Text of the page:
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Wednesday, September 29, 2010

This Epic little Guy.

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The next step in Bash

Ok, It is most important to know how and when to upgrade your software
First open up Bash (Terminal)
and type in "sudo apt-get upgrade"
This tells your computer to search for upgrades for the software that is currently installed.
However if you are running Ubuntu Linux or most other flavors of linux. The update manager will run every now and then. (as in interrupted my typing.)

The next think Im going to talk about it WINE.
WINE is a windows emlator for linux
to get wine, open up bash, and type.
"sudo apt-get install wine"
it should look like this "david@david-laptop:~$ sudo apt-get install wine"
After it installs, it will add extensions to the menu bar.

To Install .exe file.
1.Right click on the file. click property's, click the Permissions tab, and check the Run as application box.
2. Right click and click run with WINE windows executable file.
3. Go through the install steps.
Once finished, there should be an icon on your desktop that looks like a piece of parchment with code on it. If so, repeat the step 1 on that icon.
The parchment should turn into what ever icon the application has.
Congratz you now have windows programs on Linux,

Tuesday, September 28, 2010

Ahh, The life of a Bachelor is sweet.

Livin off Cheeto's, Ramen, 75 cent freezer pizzas, and Mtn Dew.
Who else agrees???

Sunday, September 26, 2010

Getting the Basics down.

OK, First of all. Ubuntu, or linux in general is not for people without a large amount of computer training.
Or atleast the will to learn. I myself have 5 combined years of computer classes.
And over 12 years of personal computer experience. I am relativley new to linux.
But I have learned over the years, that the best way to learn something is to teach it.

Right off the bat. Ill get you acquainted with Linux. Once booted up, and on the desktop.
Depending on what flavor of linux you are running. you will either see the toolbar on the top or the bottom of the screen.

Those of you that are new to the whole experience, should probably play around and find where every thing is at on the toolbar.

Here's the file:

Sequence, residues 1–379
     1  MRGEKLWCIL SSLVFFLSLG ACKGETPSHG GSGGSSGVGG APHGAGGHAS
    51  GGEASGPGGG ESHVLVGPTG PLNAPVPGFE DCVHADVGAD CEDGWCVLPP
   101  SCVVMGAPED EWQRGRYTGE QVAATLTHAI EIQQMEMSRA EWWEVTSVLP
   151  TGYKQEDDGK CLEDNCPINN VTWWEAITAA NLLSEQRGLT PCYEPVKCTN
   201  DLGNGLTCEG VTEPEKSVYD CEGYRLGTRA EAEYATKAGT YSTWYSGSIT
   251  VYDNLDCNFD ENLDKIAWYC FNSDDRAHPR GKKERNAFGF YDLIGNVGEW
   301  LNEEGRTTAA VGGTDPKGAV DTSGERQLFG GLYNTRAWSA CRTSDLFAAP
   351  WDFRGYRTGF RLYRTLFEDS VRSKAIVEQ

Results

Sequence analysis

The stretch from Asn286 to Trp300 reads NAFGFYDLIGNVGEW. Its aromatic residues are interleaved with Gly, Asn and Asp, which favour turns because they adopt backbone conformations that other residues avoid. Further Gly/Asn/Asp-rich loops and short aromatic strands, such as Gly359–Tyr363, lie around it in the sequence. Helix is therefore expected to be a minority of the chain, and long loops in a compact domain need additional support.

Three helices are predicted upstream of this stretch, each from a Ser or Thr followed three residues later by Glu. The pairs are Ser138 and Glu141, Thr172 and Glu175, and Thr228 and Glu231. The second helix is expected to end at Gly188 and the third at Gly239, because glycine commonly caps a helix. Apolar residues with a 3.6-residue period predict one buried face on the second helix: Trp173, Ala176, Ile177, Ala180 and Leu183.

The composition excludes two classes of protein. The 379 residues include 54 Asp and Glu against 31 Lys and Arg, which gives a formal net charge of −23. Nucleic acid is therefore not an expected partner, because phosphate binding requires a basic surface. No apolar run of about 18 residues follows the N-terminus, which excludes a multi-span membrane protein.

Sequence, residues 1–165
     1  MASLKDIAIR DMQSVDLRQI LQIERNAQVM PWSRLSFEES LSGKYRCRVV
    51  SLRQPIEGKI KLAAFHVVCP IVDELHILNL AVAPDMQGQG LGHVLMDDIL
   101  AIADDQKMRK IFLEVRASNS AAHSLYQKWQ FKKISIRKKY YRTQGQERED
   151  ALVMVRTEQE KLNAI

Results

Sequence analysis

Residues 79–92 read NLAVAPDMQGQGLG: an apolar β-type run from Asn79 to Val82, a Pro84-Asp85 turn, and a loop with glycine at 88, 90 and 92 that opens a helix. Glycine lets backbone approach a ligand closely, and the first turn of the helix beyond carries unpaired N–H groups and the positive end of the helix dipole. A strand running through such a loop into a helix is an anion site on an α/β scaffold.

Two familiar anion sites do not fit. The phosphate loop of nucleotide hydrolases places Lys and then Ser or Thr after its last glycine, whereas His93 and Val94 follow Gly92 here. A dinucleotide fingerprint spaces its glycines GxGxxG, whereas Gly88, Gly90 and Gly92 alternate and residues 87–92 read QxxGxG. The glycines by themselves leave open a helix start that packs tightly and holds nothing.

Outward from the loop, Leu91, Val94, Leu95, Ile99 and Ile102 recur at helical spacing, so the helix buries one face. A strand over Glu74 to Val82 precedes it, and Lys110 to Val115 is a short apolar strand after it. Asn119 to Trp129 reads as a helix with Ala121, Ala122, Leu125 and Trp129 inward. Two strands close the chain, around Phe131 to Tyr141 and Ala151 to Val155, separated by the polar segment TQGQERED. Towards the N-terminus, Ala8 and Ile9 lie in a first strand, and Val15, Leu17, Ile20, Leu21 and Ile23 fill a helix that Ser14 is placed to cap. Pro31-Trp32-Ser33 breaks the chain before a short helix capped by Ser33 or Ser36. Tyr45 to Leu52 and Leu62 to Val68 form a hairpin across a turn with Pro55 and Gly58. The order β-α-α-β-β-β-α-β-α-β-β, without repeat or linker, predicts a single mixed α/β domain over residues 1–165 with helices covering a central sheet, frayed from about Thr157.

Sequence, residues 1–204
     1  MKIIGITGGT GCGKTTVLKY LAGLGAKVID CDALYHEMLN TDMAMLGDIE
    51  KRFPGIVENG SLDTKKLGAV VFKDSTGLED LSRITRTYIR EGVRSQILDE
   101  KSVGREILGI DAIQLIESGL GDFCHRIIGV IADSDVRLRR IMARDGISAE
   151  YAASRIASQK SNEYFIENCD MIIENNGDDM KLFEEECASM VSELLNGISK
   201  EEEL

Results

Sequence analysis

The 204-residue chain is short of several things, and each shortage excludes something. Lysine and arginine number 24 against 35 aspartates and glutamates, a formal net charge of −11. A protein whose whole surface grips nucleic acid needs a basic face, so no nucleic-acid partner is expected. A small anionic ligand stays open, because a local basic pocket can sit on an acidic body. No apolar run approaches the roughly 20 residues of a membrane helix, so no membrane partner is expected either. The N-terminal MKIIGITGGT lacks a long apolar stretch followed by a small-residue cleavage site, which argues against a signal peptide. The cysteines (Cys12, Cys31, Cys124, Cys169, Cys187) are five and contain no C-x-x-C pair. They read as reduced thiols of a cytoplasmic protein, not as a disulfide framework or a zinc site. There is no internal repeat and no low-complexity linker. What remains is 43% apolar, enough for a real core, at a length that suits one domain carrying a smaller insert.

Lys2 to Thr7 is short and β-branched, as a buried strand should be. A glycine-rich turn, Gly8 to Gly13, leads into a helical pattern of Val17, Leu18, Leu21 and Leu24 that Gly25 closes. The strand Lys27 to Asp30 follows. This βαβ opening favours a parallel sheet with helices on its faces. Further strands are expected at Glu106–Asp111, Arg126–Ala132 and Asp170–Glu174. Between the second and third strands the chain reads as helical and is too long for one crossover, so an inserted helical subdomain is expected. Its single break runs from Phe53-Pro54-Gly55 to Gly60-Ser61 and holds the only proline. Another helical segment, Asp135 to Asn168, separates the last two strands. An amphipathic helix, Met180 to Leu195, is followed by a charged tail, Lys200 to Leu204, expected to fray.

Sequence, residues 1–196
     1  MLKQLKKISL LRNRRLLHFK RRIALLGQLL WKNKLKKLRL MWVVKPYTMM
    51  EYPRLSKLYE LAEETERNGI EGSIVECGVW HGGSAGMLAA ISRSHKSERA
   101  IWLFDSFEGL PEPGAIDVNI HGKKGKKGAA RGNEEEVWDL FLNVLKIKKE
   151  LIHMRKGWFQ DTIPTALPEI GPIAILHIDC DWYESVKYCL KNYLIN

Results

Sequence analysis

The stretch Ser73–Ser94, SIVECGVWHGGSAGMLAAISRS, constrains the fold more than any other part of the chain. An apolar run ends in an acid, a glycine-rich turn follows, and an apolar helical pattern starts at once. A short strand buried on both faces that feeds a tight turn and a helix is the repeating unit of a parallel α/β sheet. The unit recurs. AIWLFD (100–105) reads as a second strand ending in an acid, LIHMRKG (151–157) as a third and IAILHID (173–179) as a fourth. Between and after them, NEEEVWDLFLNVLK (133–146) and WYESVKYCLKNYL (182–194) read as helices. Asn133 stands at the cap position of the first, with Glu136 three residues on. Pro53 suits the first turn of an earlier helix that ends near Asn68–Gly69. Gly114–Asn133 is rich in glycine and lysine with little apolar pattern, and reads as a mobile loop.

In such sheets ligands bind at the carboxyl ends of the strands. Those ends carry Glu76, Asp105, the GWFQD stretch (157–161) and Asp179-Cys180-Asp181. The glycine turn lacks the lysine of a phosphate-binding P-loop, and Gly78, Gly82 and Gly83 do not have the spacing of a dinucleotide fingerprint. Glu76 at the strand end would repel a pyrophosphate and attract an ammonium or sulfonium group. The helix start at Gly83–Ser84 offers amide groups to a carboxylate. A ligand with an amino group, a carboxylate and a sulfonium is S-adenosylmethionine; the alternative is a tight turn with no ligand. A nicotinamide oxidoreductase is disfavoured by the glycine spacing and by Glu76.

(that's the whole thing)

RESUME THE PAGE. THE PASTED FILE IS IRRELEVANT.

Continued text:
I am running Ubuntu 10.04 when this is being published.
The more experienced users will know that the important stuff is listed under "system."

Ok we will start off with the Terminal. Also known as "Bash" in some instances.
Goto your applications, then to the accessories slide. Click on terminal. and it should pop up saying.
(Name of user)@(Name of Computer):~$

A few bullet points.

  • sudo: this means you are telling your computer to do something, also refereed to as root.
  • gksu: this will open up a window to run programs. an easier shortcut is "ALT+F2"
  • cd: this mean you want to change the directory.(I.E There is a file in your documents. you cant simply type the name of the file and expect the computer to know where that exact file is.)
    • So you type "cd ~/Documents/" This will redirect the terminal to your Documents folder. the Tilda "~" is the abbreviation for /home/users/yourusernamehere/
  • apt-get "This one is more for Ubuntu Users" This tells your computer that you want to get a file from one of the Ubuntu repository's. (Always remember to use "sudo")
    So in my case it would display as "david@davids-laptop:~$ sudo apt-get <name of application>" replace the "<name of application> with the application. (Without the greater than less than signs)
    This will download then specified application. However if you want to install the application, you would need to insert the install tag. Which would read something like this.
    "david@davids-laptop:~$ sudo apt-get install <name of application>"
    The terminal will then ask you for the keyring. Which is what ever the administrator's password is.
    Then it will ask you to confirm the installation, Upgrade, or Replacement with a Y or N.
    Generally you will put Y for yes.
I want to wrap this little intro up for now. I will always make these tutorials. But it does me good to know that I have actual people reading these. Email me here. Set the subject as Ubuntu made Easy, and let me know what you want me to cover in my next post.
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